A nice late January Jocassee trout caught on Sam Jones' boat

A nice late January Jocassee trout caught on Sam Jones’ boat

No new report from Guide Rob McComas (828-674-5041).

February 1

Lake Jocassee is at 95.0% of full pool, and water temperatures are around 48 or 49 degrees.  Water clarity remains normal (very high).

There’s not a lot of change in Lake Jocassee trout fishing, and Guide Sam Jones (864-280-9056) reports that they continue to pick up some pretty good fish.  The pattern is basically unchanged, with trolling spoons in 30-50 feet of water the best way to get bit.  Interestingly, a pretty nice striper was caught trolling in the same depth recently.

Guide Rob McComas (828-674-5041) hasn’t been able to spend a lot of time on Jocassee in the last week or two, but the bass pattern also seems about the same.  Fishing the float-n-fly rig for smallmouth is still the best pattern right now.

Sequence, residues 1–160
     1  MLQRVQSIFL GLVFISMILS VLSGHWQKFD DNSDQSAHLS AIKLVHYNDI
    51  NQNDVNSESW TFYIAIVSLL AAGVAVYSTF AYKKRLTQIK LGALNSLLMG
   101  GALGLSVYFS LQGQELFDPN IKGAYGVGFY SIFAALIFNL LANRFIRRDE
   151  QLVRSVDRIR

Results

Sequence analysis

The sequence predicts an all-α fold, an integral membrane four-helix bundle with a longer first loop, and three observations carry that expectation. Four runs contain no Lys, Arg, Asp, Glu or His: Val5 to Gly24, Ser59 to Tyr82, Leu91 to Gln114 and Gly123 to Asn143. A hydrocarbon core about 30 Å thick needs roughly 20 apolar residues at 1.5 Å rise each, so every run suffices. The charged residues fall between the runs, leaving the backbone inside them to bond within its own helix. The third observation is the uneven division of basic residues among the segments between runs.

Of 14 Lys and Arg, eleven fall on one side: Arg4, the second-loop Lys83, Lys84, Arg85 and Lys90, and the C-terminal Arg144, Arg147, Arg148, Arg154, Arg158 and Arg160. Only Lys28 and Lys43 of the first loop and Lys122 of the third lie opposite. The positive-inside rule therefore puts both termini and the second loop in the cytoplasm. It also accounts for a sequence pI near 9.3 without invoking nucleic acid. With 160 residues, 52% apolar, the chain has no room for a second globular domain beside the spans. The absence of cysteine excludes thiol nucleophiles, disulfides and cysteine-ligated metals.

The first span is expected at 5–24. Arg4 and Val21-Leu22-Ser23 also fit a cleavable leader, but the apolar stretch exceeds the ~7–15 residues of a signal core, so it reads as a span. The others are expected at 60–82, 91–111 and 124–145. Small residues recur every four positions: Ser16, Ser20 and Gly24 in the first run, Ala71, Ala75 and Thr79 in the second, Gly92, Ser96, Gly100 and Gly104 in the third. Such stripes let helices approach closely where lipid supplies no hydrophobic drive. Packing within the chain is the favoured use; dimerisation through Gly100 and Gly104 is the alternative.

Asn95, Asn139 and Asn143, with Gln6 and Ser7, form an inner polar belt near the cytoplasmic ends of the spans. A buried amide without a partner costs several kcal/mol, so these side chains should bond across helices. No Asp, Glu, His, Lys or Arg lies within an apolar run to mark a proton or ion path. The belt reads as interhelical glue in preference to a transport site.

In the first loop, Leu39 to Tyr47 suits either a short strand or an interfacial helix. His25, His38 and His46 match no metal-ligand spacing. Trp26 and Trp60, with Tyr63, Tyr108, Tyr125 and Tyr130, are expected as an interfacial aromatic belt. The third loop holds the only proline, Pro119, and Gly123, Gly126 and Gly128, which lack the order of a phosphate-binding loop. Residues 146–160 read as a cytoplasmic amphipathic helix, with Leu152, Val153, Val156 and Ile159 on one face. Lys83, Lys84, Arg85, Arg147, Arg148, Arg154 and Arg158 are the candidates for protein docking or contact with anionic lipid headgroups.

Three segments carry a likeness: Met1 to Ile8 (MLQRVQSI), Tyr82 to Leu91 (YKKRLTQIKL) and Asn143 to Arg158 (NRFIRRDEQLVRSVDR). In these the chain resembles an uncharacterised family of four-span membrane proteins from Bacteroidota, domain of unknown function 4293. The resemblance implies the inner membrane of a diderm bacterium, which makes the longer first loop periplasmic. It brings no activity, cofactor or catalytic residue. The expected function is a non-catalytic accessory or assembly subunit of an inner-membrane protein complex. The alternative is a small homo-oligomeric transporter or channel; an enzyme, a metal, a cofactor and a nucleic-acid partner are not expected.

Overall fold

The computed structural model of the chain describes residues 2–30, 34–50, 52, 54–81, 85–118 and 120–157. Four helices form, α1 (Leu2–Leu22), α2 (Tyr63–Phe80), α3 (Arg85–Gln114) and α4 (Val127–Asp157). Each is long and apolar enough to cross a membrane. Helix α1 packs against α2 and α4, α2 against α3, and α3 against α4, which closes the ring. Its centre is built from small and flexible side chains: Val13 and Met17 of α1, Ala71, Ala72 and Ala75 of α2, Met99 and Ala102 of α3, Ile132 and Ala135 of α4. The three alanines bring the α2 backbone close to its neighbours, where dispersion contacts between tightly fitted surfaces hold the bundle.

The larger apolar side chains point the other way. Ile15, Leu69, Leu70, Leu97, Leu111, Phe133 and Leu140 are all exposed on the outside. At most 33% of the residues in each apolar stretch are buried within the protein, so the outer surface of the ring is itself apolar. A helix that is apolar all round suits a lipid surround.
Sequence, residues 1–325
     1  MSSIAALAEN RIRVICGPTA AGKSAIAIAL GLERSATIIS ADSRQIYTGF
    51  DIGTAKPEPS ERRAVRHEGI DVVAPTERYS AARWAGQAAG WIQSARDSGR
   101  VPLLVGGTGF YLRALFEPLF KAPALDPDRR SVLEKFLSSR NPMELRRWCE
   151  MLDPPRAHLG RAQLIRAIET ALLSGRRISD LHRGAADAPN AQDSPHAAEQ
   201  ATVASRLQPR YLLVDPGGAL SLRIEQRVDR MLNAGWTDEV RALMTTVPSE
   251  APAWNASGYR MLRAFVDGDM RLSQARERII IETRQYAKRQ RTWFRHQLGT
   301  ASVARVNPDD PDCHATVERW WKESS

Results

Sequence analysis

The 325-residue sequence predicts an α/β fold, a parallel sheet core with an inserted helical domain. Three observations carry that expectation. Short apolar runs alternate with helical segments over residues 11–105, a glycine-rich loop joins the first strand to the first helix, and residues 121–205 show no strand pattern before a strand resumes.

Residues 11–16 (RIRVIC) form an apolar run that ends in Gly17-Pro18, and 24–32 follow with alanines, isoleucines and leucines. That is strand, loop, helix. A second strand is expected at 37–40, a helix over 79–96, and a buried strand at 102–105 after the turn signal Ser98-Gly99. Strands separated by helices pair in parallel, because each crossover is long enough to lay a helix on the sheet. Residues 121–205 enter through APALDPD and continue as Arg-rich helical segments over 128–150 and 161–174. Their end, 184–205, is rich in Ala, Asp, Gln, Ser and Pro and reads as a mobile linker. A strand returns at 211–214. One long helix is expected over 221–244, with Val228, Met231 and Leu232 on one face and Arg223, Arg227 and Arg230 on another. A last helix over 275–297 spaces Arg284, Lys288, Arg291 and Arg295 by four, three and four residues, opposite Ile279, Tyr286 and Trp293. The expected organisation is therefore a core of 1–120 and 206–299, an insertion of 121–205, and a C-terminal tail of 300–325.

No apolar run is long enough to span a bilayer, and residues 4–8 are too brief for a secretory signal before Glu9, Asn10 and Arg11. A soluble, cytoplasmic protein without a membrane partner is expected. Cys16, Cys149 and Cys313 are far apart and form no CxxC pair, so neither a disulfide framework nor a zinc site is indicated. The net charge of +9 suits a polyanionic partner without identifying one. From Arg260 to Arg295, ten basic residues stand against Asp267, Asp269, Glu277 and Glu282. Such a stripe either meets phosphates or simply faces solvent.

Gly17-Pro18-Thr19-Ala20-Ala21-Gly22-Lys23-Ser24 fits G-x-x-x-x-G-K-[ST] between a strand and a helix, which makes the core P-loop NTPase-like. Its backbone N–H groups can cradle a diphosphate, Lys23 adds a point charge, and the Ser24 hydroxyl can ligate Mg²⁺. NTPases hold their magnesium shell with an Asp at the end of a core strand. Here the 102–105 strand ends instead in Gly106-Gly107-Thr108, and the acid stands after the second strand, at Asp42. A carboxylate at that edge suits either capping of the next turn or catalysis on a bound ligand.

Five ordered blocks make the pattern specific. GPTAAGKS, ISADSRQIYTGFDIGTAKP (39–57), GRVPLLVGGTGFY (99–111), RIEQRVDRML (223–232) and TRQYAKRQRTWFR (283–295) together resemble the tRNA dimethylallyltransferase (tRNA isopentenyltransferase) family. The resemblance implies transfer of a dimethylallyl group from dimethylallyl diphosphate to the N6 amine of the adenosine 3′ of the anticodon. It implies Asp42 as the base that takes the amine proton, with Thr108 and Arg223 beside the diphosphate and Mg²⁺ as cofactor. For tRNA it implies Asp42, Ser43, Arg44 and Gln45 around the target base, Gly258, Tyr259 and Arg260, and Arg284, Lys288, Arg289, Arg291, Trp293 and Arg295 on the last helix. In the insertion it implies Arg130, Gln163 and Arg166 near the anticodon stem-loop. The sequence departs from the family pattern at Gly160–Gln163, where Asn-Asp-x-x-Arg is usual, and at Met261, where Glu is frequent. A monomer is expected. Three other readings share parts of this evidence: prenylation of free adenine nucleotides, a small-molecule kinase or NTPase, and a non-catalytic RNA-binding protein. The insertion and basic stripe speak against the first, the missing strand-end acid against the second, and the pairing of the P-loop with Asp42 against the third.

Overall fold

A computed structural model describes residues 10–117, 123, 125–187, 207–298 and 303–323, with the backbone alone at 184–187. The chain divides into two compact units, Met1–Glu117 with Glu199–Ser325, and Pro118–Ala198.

A healthy brown fish caught with Guide Rob McComas on Jocassee

A healthy bass caught with Guide Rob McComas on Jocassee

January 18

Lake Jocassee is at 93.7% of full pool, and water temperatures are in the low 50s.  Visibility remains normal (very high).

2018 is off to a good start for Guide Sam Jones (864-280-9056), and on his first trip of the year they caught some very nice fish up to about 5 pounds.  The best action has been trolling Sutton and Apex spoons in 30-50 feet of water, and they have been catching them in the big water near the dam.

Aaron from Hawaii with a beautiful 21 inch brown trout

Aaron from Hawaii with a beautiful 21 inch brown trout off Sam Jones’ boat

On the bass front, Guide Rob McComas (828-674-5041) reports that this is the most consistent time of the year to catch smallmouth bass on Jocassee.  For the next month or two Rob says that he will chiefly be targeting brown fish on the lake.